The March for Democracy, this Sunday 18 August, will pay tribute to those demanding democratic reform who were slaughtered by government forces 200 years ago at Peterloo. The rally will also look to the future, asking how we can reform democracy, to make it fit for the 21st century.
It’s the bicentenary of the Peterloo Massacre today and this Sunday people will be gathering to commemorate the sacrifice of the Peterloo reformers, who were slaughtered by government forces for demanding democratic reforms. The March for Democracy will assemble at ten different points outside central Manchester, before marching on to join together for the rally in Albert square at 1pm.
The Peterloo Massacre occurred on 16 August 1819. Around 60,000 to 80,000 were gathered peacefully. The local magistrates feared insurrection and read the Riot Act. The reformers were charged by the sabre wielding Manchester and Salford yeomanry cavalry, who killed around 18 people and wounded up to 700.
The protestors in 1819 had marched from all over Lancashire to gather in St Peter’s field in Manchester. The gathering points this Sunday, detailed on the Peterloo Democracy website, honour the fact that people from across the region gathered together to demand justice from a distant, unrepresentative and uncaring government.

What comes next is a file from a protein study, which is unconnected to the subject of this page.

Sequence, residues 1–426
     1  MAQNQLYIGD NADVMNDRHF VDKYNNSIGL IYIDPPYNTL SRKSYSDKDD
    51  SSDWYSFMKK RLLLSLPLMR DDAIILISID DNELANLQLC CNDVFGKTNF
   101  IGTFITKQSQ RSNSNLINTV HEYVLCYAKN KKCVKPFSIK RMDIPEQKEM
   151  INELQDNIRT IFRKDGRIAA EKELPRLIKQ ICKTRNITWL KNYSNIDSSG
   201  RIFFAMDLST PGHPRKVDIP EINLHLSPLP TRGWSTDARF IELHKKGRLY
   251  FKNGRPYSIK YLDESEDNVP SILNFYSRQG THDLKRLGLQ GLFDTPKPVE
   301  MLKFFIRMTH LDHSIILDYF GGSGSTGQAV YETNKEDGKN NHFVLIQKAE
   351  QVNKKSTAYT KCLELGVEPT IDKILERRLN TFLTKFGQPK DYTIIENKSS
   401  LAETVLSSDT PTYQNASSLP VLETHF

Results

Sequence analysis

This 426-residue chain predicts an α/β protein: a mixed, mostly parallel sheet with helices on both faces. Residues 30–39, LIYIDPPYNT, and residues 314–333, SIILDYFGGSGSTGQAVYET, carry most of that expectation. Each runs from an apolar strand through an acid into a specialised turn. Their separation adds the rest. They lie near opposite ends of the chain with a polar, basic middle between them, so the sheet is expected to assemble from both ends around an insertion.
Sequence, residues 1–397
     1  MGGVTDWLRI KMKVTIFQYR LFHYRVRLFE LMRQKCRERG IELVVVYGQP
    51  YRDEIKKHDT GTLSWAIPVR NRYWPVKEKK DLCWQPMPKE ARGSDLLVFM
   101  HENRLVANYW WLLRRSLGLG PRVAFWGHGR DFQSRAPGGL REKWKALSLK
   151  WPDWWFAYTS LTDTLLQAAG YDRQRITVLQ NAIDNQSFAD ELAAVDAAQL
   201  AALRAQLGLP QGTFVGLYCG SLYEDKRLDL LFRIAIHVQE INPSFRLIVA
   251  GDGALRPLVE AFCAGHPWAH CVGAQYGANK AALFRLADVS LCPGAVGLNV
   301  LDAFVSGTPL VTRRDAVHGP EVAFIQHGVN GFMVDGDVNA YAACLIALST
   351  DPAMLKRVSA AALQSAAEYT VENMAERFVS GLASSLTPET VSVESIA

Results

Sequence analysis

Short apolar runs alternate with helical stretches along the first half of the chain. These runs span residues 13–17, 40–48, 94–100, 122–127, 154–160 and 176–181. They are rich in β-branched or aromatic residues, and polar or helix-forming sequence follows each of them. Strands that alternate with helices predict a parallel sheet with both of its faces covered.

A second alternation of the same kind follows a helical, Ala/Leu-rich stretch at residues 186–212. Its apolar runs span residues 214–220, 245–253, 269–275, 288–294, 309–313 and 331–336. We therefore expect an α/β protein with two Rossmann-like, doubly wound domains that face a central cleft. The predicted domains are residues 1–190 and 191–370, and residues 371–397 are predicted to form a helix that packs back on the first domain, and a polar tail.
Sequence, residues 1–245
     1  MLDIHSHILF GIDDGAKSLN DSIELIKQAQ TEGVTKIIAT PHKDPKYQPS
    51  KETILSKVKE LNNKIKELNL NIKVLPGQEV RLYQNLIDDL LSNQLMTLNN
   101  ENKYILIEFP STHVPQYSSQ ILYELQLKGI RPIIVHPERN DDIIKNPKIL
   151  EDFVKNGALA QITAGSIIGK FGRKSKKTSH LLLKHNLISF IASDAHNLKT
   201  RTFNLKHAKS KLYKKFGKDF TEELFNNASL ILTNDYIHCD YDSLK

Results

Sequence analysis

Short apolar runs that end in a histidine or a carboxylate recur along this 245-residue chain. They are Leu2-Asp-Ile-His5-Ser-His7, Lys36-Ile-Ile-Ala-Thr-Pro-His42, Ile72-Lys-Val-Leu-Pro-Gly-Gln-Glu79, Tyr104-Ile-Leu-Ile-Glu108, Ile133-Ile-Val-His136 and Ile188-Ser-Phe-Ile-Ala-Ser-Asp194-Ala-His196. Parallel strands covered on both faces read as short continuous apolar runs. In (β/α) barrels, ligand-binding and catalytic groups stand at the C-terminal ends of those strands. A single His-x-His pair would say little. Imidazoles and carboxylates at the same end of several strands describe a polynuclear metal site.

The rally at Albert Square will be attended by speakers from a range of organisations, and will host live entertainment, with appearances by guest celebrities. The organisers of the march and rally, Greater Manchester Trades Union Council (GMTUC), wish to raise public awareness of what the original Marchers sought to achieve, They also want to encourage widespread public debate about what political reforms are needed today, to provide a political system that, the GMTUC says, “provides for the many rather than the few”. There is also another Peterloo memorial event ,the Illegal Picnic, on Saturday 17 August.
These are some of possible proposals the GMUTC are suggesting could be raised at public meetings being organised across the region and the country:
· Proportional representation for political parties in all elections
· The Chartist’s demands for Annual Parliaments
· Reducing the voting age to 16 and other extensions of the franchise
· Abolition of the House of Lords
· Greater democratic control of public services by the people
· A genuine democratic devolution of power to the regions, cities and towns
· A greater say at work including statutory trades union recognition
· A written Constitution, Bill of Rights and Citizens’ Responsibilities
The GMUTC say that Peterloo should also be remembered, bloody as it was, as:
“Marking the beginnings of a two centuries long struggle by working people, in the worlds first industrialised country, to impress the democratic will of the many on the established social and political order dominated by the few; via parliamentary and other reforms, which since Peterloo, have secured us the basic civil liberties and rights we have today.”
For more information about the March for Democracy check out the Peterloo Democracy website – click here
Feature image: Greater Manchester Trades Union Council